With a team like the Bruins, the standard bearers for great defensemen, it would be fitting the first d-man lacrosse goal comes out of Boston. Given how Bobby Orr revolutionized the defenseman’s role while in Boston, adding another offensive skill from the back end would line up with the team’s history. Montgomery’s system allows blueliners the freedom to skate deep into the offensive zone, something that is required to pull off this goal. Charlie McAvoy and Hampus Lindholm both likely have the skill to pull off this play, but it is unclear if they have the desire to attempt it. If Connor Clifton was signed for future seasons, his willingness to jump into an offensive opportunity might be the perfect storm for a defenseman lacrosse goal opportunity, but with his contract uncertainty there are too many questions for a full section reviewing his candidacy.
While neither goalie will participate in this exercise, it is worth noting that both Jeremy Swayman and Linus Ullmark have attempted to score from their net. This is a different level of entertaining that would be even cooler to witness.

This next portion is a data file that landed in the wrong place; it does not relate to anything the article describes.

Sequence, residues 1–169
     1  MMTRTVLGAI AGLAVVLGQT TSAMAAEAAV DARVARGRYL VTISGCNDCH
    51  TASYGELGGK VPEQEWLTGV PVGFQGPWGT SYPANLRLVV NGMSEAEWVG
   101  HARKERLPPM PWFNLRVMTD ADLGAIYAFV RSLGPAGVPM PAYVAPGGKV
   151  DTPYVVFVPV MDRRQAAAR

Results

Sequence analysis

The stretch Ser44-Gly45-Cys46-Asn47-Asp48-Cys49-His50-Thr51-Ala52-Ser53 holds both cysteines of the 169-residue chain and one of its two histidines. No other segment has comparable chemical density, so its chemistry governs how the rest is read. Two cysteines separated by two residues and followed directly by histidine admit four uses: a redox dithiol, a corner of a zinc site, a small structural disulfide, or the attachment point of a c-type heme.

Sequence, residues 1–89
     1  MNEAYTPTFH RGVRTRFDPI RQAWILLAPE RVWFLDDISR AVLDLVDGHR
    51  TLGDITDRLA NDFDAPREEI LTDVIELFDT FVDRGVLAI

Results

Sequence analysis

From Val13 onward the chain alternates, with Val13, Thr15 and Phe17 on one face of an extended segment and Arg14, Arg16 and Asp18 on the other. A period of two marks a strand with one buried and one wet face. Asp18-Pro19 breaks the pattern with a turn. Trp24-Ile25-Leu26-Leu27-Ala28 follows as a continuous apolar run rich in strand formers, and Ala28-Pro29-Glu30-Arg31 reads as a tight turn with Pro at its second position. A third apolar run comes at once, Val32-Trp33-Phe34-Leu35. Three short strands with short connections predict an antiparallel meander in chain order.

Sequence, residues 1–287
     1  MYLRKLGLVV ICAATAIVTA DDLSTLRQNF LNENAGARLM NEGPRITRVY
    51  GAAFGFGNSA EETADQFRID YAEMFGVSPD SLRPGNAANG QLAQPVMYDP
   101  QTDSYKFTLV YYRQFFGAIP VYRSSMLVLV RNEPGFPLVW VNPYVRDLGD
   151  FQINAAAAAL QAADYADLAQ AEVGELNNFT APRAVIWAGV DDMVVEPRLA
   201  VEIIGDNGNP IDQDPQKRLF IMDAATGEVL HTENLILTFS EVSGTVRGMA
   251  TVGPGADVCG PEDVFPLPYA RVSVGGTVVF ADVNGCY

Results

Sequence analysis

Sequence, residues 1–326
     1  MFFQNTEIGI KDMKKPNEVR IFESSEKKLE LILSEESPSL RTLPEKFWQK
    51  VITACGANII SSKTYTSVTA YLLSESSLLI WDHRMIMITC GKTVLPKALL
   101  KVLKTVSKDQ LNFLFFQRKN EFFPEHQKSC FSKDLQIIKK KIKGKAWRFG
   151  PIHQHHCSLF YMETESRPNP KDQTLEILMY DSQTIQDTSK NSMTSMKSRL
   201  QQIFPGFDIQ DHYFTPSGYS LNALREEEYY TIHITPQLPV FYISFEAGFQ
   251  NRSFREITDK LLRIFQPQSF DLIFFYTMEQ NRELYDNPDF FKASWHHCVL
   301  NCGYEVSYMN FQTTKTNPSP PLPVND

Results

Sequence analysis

While predictions are generally a fool’s errand as they are more often than not incorrect, I’ll go out on a limb and put my claim on Marchand scoring the Bruins’ first lacrosse goal. This pick more comes down to the personality we have seen him display. I think he will find a way to score this goal strictly to prove to someone or some team that he can. Whether that is against the Anaheim Ducks to show Zegras his skills can be matched, or the Philadelphia Flyers to perform a trick for the old-school John Tortorella, this would be the setting I could see Marchand deciding to utilize.
Who did I forget? Feel free to provide more likely options in the comments.